Toss is essentially about greed and deceit - the dormant qualities in humans, that seem to cancerously swell whenever there's a bag or two of cash in the vicinity. And when the greens belong to no one in particular in reality, as they would be in a freak finding in an out-of-the-way underground pit, the demons are even more well-fed.
The story begins with a venturesome bunch of friends coming across two trunkfuls of money in a forest. Despite their conscience-keeper squirming about the fact, haul it back home, agreeing to split. They hire a key-maker Duffy (Rajpal Yadav) to open the trunks, and find in him the first obstacle to their booty party.
A bitchy and insiduous pursuit for the prize starts among the gang, even as the real owners, played by Mahesh Manjrekar and Sushant Singh, go berserk when they discover their hot goods gone. Revealing anything more would utterly ruin the film, but it is when these men enter the story that the real punch comes in.
Toss starts out with a contrived attempt at backpacker banter and attitude, but soon turns out to be a commendably creative effort in writing, especially in the second half. One of the problems with the film is the way it winds it all up - there's simply no relief at having uncovered the mystery, and neither is there any fitting retribution in sight.
The story depends not on the twists as much as it does on the quirkiness factor. Zakir Hussain (who plays the calm, collected police officer D'cunha) with his coolth and Mahesh Manjrekar with his sarcasm, add immense weight with some hilarious pithy lines. However, the humour is dark throughout, and sometimes goes pitch black. The whole bit about the kid taking part in the gangsters' activities - dismembering a body, even - is freakish to the limit.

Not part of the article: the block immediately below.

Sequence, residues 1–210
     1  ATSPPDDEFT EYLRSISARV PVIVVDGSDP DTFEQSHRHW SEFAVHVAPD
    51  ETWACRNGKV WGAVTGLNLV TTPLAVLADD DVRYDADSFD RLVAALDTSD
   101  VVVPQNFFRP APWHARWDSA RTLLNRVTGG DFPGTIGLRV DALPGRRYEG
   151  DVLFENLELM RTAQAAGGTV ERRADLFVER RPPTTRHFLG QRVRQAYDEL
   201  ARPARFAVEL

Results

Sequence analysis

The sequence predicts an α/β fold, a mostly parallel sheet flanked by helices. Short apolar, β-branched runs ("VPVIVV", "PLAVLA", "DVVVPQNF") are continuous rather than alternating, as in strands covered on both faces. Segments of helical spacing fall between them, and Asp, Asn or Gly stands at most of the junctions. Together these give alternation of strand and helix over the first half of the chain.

Performances by the senior, more experienced members of the cast, are brilliant. As for the younger lot, Rannvijay Singh stands out for his casual cheer, but there's not much else except for some visible dexterity by the director. The women are pretty, and spontaneous, but Aarti Chhabria does go overboard with her blunt attempts at steaminess.
The soundtrack is typically set to accompany the pacing, sometimes going with the eccentricity too. An unwanted song pops on with choreography, but doesn't jar the senses. A couple of numbers are part of the background track, though, and seem quite weighty.
It is the low budget that goes against the film, ultimately, with the visuals looking jaded. However, impressive camera shots throughout assure you that the film is the work of someone who knows what he's doing.
Toss is an interesting attempt at thrills and tongue-in-cheek, and will engage you if you belong to a very niche, non-judgemental section of the audience. Watch it if you're very keen, but there's probably no need to rush things - it'll soon be on TV.